by by Gary Pendleton
What Good Is a Buttonbush?
That land is a community is the basic concept of ecology, but that land should be loved and respected is an extension of ethics.
A friend owns a wonderful piece of property on the Northern Neck of Virginia. Much of it is wooded, with a stream and wetland. It is a fine example of healthy Mid-Atlantic forest, with lots of beautiful native plants. He has some of the largest mountain laurel bushes I have ever seen, real champions.
I enjoy teaching him the names of the things growing there: jewel weed, clethra, even American chestnuts sprouting from old stumps.
When I pointed out a shrub growing in the wetland, along the path he had made, he asked what seemed like an impertinent question: "What is it good for"?
I was taken aback. Why question the value of any native plant, I thought. But I tried to answer.
"There are butterflies that depend on this plant," I said. "The adults eat the nectar; the larvae feed on the leaves."
But my answer seemed to beg the question What good is the butterfly? I feared that my knowledge of natural history and ecology would fail me, leaving me defensive and unconvincing.
When I decided on the button bush, a beautiful native wetland shrub, for this week"s Earth Journal I was pleased with my choice. I would do a little research, find a few interesting tidbits and write a clever essay. Easy.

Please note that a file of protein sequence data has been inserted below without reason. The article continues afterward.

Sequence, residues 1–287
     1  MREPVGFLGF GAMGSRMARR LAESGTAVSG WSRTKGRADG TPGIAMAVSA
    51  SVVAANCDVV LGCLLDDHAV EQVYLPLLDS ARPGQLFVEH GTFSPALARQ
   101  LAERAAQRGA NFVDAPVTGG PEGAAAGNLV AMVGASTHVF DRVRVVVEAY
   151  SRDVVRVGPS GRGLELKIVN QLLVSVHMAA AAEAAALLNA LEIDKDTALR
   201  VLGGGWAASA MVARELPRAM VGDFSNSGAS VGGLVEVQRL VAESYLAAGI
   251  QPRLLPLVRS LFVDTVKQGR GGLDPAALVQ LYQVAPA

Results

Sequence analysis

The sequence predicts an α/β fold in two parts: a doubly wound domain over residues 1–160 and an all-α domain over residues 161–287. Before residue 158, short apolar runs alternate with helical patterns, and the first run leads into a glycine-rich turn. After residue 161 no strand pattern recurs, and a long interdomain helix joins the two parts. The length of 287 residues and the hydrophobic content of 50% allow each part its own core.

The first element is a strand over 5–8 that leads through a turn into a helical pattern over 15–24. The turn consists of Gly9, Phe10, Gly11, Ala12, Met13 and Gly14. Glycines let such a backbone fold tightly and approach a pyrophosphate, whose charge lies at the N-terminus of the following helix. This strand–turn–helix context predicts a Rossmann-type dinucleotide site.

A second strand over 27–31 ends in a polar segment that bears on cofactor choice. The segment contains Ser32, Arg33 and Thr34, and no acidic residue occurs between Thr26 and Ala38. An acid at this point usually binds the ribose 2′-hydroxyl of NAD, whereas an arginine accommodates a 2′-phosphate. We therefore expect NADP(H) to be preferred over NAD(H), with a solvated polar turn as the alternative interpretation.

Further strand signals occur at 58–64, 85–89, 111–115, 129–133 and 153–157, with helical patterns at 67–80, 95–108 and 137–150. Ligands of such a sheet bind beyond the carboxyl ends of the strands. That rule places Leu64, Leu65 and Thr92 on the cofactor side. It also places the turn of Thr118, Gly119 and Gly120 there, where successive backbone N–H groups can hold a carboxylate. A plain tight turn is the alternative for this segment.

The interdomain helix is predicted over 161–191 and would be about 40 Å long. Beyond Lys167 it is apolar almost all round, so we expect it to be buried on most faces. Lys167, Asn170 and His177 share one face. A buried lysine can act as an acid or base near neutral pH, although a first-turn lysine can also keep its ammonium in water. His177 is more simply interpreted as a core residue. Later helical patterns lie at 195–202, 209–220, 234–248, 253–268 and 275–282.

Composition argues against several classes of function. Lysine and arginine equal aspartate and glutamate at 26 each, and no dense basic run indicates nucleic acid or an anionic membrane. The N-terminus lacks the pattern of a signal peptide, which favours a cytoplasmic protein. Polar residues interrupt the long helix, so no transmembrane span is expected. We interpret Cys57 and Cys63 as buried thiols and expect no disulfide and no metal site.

I checked my library of field guides and nature books, and I Googled, but I wasn"t finding much. Finally a source noted that the flowers of the button bush are a good source of nectar for butterflies and bees. Well, so are lots of plants, and I needed more to write something interesting.
So I turned to a local naturalist, my usual source when I have questions about natural history. "What good is the buttonbush"? I found myself asking. "Is it associated with a particular insect that plays a vital role in wetland ecology? Is there an endangered species that uses it for nesting"?
No, not that she was aware of.
It is difficult to explain that we should value bio-diversity for its own sake.
Aldo Leopold, founder of the modern environmental movement, can guide us. Among the ideas he fostered was the importance of creating a land ethic. He argued that without such an ethic, humans view land through the lens of economics. Without an environmental ethic to temper the economic worldview, we will only be able to answer the question What good is it? by placing a dollar value on the land and its components.
We don"t need an accounting firm to tell us the value of the button bush. Let"s leave it at that.